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Bell seals deal

After months of negotiations which were threatening to tip into legal action, Bell Canada has struck a $50bn deal with its banks to get its buyout away.

Bell Canada has finalised a deal to sell itself to a consortium of investors for about $50 billion, ending the turbulent negotiations of the largest buyout in history.

The deal still calls for the buyers to pay $42.75 a share, which means there is no need for a fresh shareholder vote. However, Bell Canada is freezing any dividend payments between now and the takeover’s expected close in December, which amounts to about a $2 a share price cut.

The savings from dividend payments and free cash flow generated in the interim means the buyers will be paying about $1.5 billion less for Bell Canada. The lending banks, who had threatened to quash the deal, will benefit from the savings.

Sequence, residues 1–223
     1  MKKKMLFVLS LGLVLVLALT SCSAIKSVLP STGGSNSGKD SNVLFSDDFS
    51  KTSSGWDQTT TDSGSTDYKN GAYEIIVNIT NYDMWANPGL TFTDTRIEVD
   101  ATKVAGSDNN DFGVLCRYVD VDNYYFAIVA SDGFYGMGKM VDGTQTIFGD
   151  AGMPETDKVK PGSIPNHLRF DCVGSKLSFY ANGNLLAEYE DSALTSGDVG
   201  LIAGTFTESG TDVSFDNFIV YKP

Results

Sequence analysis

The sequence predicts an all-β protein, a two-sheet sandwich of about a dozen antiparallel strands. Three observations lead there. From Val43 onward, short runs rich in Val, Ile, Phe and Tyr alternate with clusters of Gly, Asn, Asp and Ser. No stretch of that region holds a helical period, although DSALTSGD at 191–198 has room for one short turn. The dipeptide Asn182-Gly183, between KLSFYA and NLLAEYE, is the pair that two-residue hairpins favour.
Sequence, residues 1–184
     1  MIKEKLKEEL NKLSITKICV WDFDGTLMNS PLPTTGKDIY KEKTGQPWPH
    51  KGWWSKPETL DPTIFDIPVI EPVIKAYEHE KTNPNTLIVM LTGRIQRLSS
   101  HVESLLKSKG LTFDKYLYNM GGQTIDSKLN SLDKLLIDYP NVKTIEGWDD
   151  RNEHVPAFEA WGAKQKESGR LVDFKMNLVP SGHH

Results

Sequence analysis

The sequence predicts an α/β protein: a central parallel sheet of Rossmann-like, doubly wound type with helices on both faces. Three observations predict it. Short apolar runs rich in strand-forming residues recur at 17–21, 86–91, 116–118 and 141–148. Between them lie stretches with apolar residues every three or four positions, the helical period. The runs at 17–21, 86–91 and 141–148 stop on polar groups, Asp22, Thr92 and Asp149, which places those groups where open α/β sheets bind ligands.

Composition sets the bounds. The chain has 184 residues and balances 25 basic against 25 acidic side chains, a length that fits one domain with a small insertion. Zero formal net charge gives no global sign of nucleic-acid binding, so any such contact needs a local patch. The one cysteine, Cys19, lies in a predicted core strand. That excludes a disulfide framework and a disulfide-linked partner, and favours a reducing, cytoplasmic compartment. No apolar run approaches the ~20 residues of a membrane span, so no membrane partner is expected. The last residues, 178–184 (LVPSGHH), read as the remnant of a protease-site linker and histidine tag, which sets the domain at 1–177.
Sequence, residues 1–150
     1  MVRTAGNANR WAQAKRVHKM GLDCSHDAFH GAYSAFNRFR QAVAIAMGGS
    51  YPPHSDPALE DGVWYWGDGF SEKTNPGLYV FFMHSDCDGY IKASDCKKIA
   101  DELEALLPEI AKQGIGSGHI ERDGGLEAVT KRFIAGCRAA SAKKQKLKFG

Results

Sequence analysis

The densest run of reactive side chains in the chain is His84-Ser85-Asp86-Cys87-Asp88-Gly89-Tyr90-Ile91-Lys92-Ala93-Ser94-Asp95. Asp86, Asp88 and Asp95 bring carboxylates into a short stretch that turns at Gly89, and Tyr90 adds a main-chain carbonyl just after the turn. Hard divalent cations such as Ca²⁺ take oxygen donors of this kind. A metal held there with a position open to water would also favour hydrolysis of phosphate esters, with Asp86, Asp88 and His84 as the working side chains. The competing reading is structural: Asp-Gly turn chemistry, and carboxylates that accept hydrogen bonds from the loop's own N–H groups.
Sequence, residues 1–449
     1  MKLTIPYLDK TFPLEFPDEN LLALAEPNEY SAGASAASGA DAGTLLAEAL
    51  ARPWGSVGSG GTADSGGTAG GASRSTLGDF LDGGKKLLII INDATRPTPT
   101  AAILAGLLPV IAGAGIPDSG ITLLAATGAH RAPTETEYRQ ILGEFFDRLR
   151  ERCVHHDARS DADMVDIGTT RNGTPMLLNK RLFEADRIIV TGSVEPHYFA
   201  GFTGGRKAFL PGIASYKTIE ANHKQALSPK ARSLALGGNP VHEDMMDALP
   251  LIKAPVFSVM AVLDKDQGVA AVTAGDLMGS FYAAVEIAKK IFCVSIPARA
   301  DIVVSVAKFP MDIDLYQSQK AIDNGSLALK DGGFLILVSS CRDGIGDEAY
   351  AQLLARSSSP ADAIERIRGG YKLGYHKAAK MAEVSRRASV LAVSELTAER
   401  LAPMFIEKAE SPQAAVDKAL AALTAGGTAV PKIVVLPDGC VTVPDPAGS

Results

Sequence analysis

The four-bank consortium — Citigroup, Deutsche Bank, Royal Bank of Scotland and Toronto-Dominion Bank — had sought to revise their lending commitments.

It is a face-saving solution to a battle that had looked set to have only one winner: the lawyers who had already filed lawsuits on behalf of each party in the dispute.

Shares in Bell Canada’s parent, BCE, rose 12.3 percent to 39.50 Canadian dollars ($38.86) per share on the Toronto Stock Exchange.

The private equity buyers include Ontario Teachers’ Pension Plan, Providence Equity Partners, Madison Dearborn Partners, and Merrill Lynch Global Private Equity. The consortium was given financial advice by Citi, Deutsche Bank, Toronto-Dominion, which is a co-investor in the deal, and Morgan Stanley, and legal advice by Weil, Gotshal & Manges and Goodmans.

Bell Canada was given financial advice by Goldman Sachs, BMO Capital Markets, Royal Bank of Canada, Canadian Imperial Bank of Commerce and Greenhill & Company.